Every data breach class action in federal court must confront a threshold question: has the plaintiff alleged a sufficient “injury in fact” to establish Article III standing? The inquiry frequently focuses on whether a plaintiff has standing simply by pleading an increased risk of future injury from the theft of personal identifying information (PII). This is because many named plaintiffs do not––because they cannot––allege any present harm. The federal courts of appeals continue to weigh in on the issue of whether allegations of possible future harm suffice for Article III purposes. But far from providing clarity or consensus, recent appellate decisions have reached differing conclusions, which appear highly dependent on the nature of the facts alleged in each case.
Recently, the Ninth Circuit held in Bassett v. ABM Parking Services, Inc. that an allegation that a business violated the Fair and Accurate Credit Transactions Act (“FACTA”) by printing a credit card expiration date on a customer’s receipt is, by itself, insufficient to establish Article III standing under Spokeo, Inc. v. Robins. (For more information, read K&L Gates alerts on the Bassett decision and FACTA standing jurisprudence.) Now, in Noble v. Nevada Checker Cab Corp., No. 16-16573 (9th Cir. Mar. 9, 2018), the Ninth Circuit reached the same conclusion with respect to an alleged FACTA violation arising out of the printing of the first digit of the card number in addition to the last four digits. In doing so, the Ninth Circuit appears to be sending a strong signal to potential FACTA plaintiffs that something more than a technical violation is necessary to have standing to pursue statutory damages in federal court under FACTA.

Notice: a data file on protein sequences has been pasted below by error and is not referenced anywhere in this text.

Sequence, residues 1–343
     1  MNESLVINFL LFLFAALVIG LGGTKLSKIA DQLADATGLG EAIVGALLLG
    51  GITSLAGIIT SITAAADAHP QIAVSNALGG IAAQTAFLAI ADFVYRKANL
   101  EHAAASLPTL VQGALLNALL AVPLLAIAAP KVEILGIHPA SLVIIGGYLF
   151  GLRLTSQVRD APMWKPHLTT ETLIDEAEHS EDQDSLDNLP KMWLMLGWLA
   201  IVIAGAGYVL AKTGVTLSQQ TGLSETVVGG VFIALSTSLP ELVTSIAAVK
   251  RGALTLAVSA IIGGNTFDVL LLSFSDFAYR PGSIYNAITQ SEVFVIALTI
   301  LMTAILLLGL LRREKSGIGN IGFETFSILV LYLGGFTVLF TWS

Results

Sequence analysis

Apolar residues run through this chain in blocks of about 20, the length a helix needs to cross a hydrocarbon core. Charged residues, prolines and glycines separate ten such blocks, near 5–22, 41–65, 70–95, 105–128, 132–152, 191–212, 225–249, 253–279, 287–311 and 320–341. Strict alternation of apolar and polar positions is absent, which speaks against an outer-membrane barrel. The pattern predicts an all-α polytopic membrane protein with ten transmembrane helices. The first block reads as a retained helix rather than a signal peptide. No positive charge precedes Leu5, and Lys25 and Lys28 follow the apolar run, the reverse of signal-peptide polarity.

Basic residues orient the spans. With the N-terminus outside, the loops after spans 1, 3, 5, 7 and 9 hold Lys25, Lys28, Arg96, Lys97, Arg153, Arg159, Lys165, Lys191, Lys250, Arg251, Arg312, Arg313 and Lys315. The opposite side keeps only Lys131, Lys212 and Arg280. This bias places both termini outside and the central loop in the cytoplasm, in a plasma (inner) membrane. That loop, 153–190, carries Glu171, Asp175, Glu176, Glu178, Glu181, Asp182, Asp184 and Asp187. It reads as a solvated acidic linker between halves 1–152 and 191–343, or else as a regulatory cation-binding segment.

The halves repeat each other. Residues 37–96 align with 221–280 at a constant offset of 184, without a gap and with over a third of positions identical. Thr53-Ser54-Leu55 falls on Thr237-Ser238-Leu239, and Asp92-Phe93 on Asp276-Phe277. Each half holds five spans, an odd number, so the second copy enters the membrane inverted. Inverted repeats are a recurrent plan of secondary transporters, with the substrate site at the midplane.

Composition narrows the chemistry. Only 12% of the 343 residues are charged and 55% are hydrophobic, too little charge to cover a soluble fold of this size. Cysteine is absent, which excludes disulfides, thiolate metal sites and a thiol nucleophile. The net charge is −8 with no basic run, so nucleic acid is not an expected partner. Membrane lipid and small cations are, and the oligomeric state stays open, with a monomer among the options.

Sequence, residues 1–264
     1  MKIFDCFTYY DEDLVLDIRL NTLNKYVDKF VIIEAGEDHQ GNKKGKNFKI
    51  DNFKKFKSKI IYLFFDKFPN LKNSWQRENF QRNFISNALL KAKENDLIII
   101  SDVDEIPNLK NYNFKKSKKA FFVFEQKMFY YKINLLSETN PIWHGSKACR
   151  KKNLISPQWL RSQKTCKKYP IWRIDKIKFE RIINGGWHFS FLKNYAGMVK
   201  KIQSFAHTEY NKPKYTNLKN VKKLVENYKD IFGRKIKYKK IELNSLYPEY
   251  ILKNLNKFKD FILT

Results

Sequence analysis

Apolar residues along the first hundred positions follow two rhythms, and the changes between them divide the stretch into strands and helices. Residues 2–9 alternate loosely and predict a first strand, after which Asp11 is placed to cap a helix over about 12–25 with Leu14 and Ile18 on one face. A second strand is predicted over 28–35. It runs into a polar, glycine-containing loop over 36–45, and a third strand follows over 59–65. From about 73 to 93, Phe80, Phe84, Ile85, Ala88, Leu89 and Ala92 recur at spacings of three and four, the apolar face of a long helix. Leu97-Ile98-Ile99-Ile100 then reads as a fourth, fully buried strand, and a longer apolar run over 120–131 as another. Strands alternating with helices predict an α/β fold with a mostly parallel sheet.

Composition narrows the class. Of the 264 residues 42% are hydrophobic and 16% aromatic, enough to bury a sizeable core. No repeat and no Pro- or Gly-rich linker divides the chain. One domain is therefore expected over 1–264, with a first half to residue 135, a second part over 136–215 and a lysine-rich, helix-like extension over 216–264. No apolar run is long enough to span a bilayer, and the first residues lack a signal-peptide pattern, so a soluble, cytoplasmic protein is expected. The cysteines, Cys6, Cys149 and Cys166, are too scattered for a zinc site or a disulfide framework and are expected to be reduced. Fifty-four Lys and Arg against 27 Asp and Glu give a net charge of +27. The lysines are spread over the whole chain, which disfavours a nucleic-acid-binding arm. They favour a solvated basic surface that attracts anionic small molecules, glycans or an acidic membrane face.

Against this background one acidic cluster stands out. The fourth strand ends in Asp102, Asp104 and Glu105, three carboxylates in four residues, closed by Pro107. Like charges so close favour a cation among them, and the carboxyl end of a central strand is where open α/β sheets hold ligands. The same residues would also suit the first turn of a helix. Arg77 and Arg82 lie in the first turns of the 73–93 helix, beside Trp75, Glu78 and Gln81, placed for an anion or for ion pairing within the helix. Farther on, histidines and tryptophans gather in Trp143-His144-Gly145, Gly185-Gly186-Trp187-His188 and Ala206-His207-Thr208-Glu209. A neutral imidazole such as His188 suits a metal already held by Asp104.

The Sixth Circuit Court of Appeals recently ended a Fair Debt Collection Practices Act (“FDCPA”) lawsuit because the plaintiffs could not show that the allegedly offending letter had caused them actual harm. In Hagy v. Demers & Adams, the Sixth Circuit held that the plaintiffs lacked standing to sue a law firm for its technical FDCPA violation, namely failing to identify itself as a debt collector in a letter to the plaintiffs. Debt collectors will likely applaud the practical and sensible approach the Sixth Circuit applied in Hagy. The decision is remarkable, however, for its constitutional rebuke of Congress. Reminding the legislative branch that it lacks general police powers to create statutory remedies where no actual harm exists, the Sixth Circuit’s decision suggests — without specifically stating — that the statutory damage provision of the FDCPA may be unconstitutional. Read More